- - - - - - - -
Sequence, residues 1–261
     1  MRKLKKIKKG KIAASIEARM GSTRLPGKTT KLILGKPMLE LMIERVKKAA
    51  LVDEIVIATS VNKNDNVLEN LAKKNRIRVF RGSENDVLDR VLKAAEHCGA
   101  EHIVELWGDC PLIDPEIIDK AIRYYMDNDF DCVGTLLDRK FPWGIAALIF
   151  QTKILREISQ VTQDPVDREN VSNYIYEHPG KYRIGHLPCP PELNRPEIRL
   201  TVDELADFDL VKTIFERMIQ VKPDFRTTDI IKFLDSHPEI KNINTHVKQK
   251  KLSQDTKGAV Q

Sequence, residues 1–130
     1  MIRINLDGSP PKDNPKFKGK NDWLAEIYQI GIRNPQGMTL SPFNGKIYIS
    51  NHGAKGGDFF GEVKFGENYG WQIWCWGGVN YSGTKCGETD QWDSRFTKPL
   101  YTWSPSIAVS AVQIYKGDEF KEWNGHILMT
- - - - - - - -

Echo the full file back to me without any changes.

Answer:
Sequence, residues 1–261
     1  MRKLKKIKKG KIAASIEARM GSTRLPGKTT KLILGKPMLE LMIERVKKAA
    51  LVDEIVIATS VNKNDNVLEN LAKKNRIRVF RGSENDVLDR VLKAAEHCGA
   101  EHIVELWGDC PLIDPEIIDK AIRYYMDNDF DCVGTLLDRK FPWGIAALIF
   151  QTKILREISQ VTQDPVDREN VSNYIYEHPG KYRIGHLPCP PELNRPEIRL
   201  TVDELADFDL VKTIFERMIQ VKPDFRTTDI IKFLDSHPEI KNINTHVKQK
   251  KLSQDTKGAV Q

Sequence, residues 1–130
     1  MIRINLDGSP PKDNPKFKGK NDWLAEIYQI GIRNPQGMTL SPFNGKIYIS
    51  NHGAKGGDFF GEVKFGENYG WQIWCWGGVN YSGTKCGETD QWDSRFTKPL
   101  YTWSPSIAVS AVQIYKGDEF KEWNGHILMT